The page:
The Abbey Newsletter

Volume 16, Number 1
Feb 1992


Consensus Builds for a National Preservation Strategy

Since 1976, when the Library of Congress held a planning conference for a national preservation program, a number of groups and organizations have described what they thought this country should have in the way of a comprehensive preservation strategy. The White House Conference on Library and Information Science (WHCLIS), Commission on Preservation and Access (CPA), [CPA] Review and Assessment Committee, Council on Library Resources (CLR), Society of American Archivists (SAA), American Library Association, and a member of the Association of Research Libraries (ARL) Preservation Committee have all made more or less detailed statements on this topic, which they refer to variously as a national, nationwide or North American strategy, plan, policy or program. ALA refers to its preservation policy as just that, although by implication it is intended to be nationwide. Both the ALA and SAA statements, though, include only those actions which their members might undertake or support.

The 1976 conference, the 1984 Exxon grant to CLR that established the Mid-Atlantic Preservation Service (MAPS) and CPA, and the early descriptions of the CPA's mission all focussed on the brittle books problem, particularly on microfilming of brittle books, although they all used terminology suggesting a comprehensive approach. (They were handicapped at that time by a lack of tried and proven options for deteriorated materials, a situation to which Warren Haas drew attention in his summary of the conference.) In the last two years, however, envisioned programs have been numerous, well thought out and commendably broad in scope.

At the 116th ARL meeting in May 1990, Joseph Rosenthal (University of California-Berkeley), a member of the ARL Preservation Committee, described goals that he believed should be built into a North American Preservation Plan:

The ALA preservation policy, developed at the instigation of then-president Pat Berger, went through a series of group reviews and represents a good consensus. Of course it applies only to libraries, but it covers permanence of both electronic and traditional media; national and international standards; a national preservation policy for both programs and funding; research on deterioration; lobbying and public relations work for preservation funding; and education and outreach. It emphasizes the importance of certain preservation activities: provision of good storage conditions, treatment, preservation in original format, replacement, reformatting, planning for new buildings or renovations, and security.

One of the 94 recommendations approved at the White House Conference dealt with a national preservation policy. (The very democratic and laborious process by which these recommendations to the President of the United States were chosen is described in the May 1991 issue, on p. 38.) Since it is short, the final version can be reprinted here in its entirety:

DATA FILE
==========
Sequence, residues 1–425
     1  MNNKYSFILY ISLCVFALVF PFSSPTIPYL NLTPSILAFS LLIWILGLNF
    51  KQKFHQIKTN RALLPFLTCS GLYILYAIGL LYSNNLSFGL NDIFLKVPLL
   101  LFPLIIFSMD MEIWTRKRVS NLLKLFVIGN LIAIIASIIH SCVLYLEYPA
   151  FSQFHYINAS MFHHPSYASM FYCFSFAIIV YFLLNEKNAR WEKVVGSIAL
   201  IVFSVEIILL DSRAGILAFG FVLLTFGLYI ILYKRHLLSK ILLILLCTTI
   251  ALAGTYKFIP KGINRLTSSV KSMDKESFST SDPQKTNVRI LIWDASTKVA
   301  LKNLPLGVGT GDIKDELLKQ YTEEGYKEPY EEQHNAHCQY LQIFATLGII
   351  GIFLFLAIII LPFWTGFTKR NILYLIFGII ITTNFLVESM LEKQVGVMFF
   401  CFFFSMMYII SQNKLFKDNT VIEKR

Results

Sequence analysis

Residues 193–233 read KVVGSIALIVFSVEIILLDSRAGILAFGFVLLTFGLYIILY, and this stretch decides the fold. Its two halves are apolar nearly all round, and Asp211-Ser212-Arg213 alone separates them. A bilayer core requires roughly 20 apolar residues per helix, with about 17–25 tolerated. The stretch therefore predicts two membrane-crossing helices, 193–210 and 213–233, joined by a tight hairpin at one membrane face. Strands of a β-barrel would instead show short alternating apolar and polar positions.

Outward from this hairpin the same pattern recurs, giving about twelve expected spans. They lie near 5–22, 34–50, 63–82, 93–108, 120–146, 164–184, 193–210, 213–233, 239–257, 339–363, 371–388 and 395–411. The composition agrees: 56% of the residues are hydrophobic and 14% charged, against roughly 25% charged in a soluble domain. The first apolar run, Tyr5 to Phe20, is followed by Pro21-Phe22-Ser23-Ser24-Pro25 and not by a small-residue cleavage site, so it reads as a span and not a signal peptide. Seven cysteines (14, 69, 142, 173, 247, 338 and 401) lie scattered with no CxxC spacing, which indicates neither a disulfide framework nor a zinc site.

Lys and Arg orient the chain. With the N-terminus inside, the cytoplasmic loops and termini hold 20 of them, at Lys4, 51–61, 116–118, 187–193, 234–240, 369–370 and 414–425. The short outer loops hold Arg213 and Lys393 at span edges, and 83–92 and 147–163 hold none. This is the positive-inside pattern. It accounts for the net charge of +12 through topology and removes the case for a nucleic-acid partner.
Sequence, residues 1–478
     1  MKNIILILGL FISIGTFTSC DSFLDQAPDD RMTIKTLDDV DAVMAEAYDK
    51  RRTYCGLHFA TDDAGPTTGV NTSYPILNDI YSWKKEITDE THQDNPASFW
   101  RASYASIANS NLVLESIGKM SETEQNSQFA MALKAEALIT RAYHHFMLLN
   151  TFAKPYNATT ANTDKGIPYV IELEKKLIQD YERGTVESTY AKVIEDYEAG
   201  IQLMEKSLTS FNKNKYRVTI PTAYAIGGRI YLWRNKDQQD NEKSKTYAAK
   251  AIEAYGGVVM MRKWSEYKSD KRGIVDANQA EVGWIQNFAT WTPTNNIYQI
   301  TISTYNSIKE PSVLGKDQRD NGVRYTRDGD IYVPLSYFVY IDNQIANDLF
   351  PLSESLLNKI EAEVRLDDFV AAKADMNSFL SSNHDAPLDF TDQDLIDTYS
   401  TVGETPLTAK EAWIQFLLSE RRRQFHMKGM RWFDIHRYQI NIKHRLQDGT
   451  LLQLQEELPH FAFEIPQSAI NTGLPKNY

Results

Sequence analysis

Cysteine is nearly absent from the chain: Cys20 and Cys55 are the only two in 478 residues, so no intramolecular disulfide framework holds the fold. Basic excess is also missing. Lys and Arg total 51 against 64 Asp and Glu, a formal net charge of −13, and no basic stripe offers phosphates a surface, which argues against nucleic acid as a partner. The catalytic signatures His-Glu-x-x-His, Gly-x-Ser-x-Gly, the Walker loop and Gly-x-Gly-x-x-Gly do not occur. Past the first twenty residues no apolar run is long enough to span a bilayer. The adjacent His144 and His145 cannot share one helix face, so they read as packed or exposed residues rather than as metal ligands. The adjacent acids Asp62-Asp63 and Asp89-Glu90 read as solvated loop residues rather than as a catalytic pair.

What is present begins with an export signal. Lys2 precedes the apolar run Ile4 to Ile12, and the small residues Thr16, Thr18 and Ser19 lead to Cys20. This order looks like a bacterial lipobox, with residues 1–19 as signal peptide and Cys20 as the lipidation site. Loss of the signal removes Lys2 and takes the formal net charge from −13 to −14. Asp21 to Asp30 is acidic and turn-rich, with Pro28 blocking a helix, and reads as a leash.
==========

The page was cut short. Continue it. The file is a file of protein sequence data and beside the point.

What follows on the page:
Preservation Policy, Needs Assessment, and Implementation

Congress shall adopt a national preservation policy to ensure the preservation of our information resources. The assessment of preservation needs should be clearly articulated with adequate funding provided for implementation of this policy. This policy must include:

a) A broad-based program of preservation education and training is essential to the long-term development of a multi-institutional preservation effort; b) A comprehensive policy for preserving information on non-paper media; c) The development and dissemination of new technologies, standards, and procedures in our libraries, archives and historical organizations; d) Increased federal funding to support existing regional preservation centers and to create new centers in unserved regions of the country.

Together, these resources will help to ensure that small libraries, archives, and historical organizations will have access to the information and services they need to preserve their collections.

The complete text includes three "justifications" and 15 "implementation strategies" addressed to Congress and the Administration.

The report of the Review and Assessment Committeeon the CPA's policies and work appeared last fall and was reviewedon p. 135 in the December issue of this Newsletter. The Committee recommended a national strategy that would give less emphasis to microfilming of brittle books in major research libraries, one that would make coordination, extended funding, and standardization possible.

The SAA has not yet published its "Nationwide Strategy for Archival Preservation" (which also has a more distinctive title, "Preserving History's Future: Nationwide Initiatives for the Preservation and Use of the Archival Record"), but the prepublication copies that are circulating show that it too has a broad scope. It lists seven objectives, each with its own set of specific initiatives. The objectives are:

  1. Increase public commitment to preserve and use the historical record.
  2. Support comprehensive education and training program s .
  3. Support the development of comprehensive preservation management programs and activities.
  4. Identify and promote the use of systematic selection procedures for appropriate preservation strategies. Encourage the development and dissemination of technical standards for preservation processes.
  5. Facilitate access to preserved collections.
  6. Support research and dissemination of research findings on archival preservation and related topics.

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